The Rio de Janeiro-based Jornal do Brasil will stop circulating its 119-year-old print edition and appear only online, O Globo reports. The paper’s owner, Nelson Tanure, says he will set the date for the changeover this week.
Ecuador's communication bill has entered, in theory, the final stretch, but ruling and opposition forces remain at odds, divided over the proposal's future, reported El Comercio.
The journalists’ union at La Nación has proposed turning the state-run paper into an autonomous public media outlet with mixed financing, UPI reports.
The newspaper Jornal do Brasil, published for 119 years in Rio de Janeiro, is conducting research among its readers to decide whether to do away with the print version and offer only a digital edition. The newspaper published a half-page announcement on June 30 inviting its readers to respond.
In the newspaper elPeriodico, columnist Dina Fernandez criticized journalists for still accepting bribes, and chastised the journalists' guild for remaining silent when it comes to corruption within the press.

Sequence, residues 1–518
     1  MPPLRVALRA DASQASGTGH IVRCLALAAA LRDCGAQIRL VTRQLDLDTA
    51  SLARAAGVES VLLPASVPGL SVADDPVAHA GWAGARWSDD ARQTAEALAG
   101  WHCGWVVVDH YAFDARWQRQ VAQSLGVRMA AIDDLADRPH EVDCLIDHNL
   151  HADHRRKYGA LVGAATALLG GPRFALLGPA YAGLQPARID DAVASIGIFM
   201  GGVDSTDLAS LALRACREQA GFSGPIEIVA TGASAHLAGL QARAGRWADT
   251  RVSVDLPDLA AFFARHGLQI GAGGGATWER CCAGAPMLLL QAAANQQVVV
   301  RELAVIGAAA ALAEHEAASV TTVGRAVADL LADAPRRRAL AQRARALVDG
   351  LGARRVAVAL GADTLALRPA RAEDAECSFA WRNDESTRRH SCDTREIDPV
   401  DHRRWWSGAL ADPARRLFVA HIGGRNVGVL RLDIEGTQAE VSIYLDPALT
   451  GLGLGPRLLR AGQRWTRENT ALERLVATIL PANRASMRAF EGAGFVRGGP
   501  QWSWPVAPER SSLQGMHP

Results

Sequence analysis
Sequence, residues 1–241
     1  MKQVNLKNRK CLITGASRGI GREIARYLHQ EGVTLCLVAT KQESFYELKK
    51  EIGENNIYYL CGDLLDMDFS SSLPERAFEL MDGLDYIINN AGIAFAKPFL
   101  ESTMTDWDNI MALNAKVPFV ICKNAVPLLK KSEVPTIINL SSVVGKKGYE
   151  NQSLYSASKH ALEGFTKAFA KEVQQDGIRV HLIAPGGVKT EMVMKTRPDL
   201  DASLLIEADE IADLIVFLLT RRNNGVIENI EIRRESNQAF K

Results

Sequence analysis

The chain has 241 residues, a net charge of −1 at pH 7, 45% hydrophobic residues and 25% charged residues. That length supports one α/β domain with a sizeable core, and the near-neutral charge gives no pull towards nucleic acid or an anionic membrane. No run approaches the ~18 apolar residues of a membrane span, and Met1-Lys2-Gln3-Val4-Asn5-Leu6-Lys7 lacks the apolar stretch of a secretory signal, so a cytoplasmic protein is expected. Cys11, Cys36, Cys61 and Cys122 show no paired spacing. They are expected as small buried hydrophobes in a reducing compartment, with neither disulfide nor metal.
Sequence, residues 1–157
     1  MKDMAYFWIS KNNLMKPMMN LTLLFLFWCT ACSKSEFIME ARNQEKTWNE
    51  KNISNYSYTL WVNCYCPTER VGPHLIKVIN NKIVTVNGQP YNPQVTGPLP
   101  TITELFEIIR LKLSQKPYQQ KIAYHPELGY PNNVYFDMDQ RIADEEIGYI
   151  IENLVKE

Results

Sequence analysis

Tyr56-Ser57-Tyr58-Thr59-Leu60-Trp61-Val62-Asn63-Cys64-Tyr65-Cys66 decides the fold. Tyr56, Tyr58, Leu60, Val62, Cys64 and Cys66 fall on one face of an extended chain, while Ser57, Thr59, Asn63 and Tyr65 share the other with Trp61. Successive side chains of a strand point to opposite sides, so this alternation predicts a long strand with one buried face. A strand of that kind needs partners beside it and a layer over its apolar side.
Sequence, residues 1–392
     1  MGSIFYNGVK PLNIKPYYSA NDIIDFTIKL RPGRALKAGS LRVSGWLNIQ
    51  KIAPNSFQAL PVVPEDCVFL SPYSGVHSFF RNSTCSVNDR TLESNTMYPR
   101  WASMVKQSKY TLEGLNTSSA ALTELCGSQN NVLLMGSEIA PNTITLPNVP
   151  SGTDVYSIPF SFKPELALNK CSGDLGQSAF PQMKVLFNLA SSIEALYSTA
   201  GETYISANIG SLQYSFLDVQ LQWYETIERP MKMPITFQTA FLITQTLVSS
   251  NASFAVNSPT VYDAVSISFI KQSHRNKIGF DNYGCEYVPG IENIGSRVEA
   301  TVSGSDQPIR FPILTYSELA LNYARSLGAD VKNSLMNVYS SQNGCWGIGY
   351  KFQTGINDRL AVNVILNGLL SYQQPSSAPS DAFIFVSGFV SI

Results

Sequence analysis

A disagreement over a TV signal concession has ended President Sebastián Piñera’s attempt to sell Chilevisión to a domestic investment firm for $130 million, La Tercera and EFE report. (See this Reuters article in English.)
In an interview with Argentine daily Página 12, Paraguay's communications minister Augusto dos Santos says the country wants to launch its first state-run TV network in May of 2011.
Circulation in Brazil is increasing once again after a decline last year during the economic crisis, O Estado de S. Paulo reports. On average, 97 papers reported a 1.5 percent increase in the first quarter of 2010, compared with an 8.6 percent drop in U.S. circulation over the six-month period ending March 31. What accounts for this difference?
Keeping with recent trends, the federal government increased its spending on advertising from $100 million in 2008 to $210 million in 2009, a pivotal election year for the ruling party, La Nación reports.
A draft law that establishes internet rights and responsibilities for citizens, business, and the government has received hundreds of responses since the online comment period began last month. Responding to critics, the Justice Ministry has eliminated language that some claimed would effectively force web site hosts—including media outlets—to remove content immediately after private, non-judicial complaints.